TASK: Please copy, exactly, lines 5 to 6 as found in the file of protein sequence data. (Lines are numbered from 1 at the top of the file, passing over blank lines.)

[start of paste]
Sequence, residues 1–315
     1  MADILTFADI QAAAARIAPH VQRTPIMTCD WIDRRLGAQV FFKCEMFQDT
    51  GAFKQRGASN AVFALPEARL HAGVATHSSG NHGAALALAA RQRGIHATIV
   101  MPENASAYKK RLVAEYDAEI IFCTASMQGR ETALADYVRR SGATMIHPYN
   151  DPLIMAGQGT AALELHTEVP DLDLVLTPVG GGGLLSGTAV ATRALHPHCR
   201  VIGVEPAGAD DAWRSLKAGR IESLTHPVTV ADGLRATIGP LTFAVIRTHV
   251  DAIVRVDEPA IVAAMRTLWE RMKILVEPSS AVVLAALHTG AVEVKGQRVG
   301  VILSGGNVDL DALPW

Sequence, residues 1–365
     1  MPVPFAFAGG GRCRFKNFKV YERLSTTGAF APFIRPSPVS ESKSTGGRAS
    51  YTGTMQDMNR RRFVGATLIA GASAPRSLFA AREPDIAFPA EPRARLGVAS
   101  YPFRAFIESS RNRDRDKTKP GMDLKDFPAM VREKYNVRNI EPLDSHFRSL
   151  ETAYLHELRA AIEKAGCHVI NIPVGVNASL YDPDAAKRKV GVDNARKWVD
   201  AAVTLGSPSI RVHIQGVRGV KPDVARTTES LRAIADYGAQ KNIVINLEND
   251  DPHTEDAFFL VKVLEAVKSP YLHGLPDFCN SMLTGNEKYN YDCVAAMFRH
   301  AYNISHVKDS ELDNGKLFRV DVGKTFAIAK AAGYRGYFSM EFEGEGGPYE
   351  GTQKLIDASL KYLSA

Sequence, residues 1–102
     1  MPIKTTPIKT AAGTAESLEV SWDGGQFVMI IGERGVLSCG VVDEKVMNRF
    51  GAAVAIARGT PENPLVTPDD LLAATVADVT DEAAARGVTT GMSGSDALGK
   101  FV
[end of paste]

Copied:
   151  DPLIMAGQGT AALELHTEVP DLDLVLTPVG GGGLLSGTAV ATRALHPHCR
   201  VIGVEPAGAD DAWRSLKAGR IESLTHPVTV ADGLRATIGP LTFAVIRTHV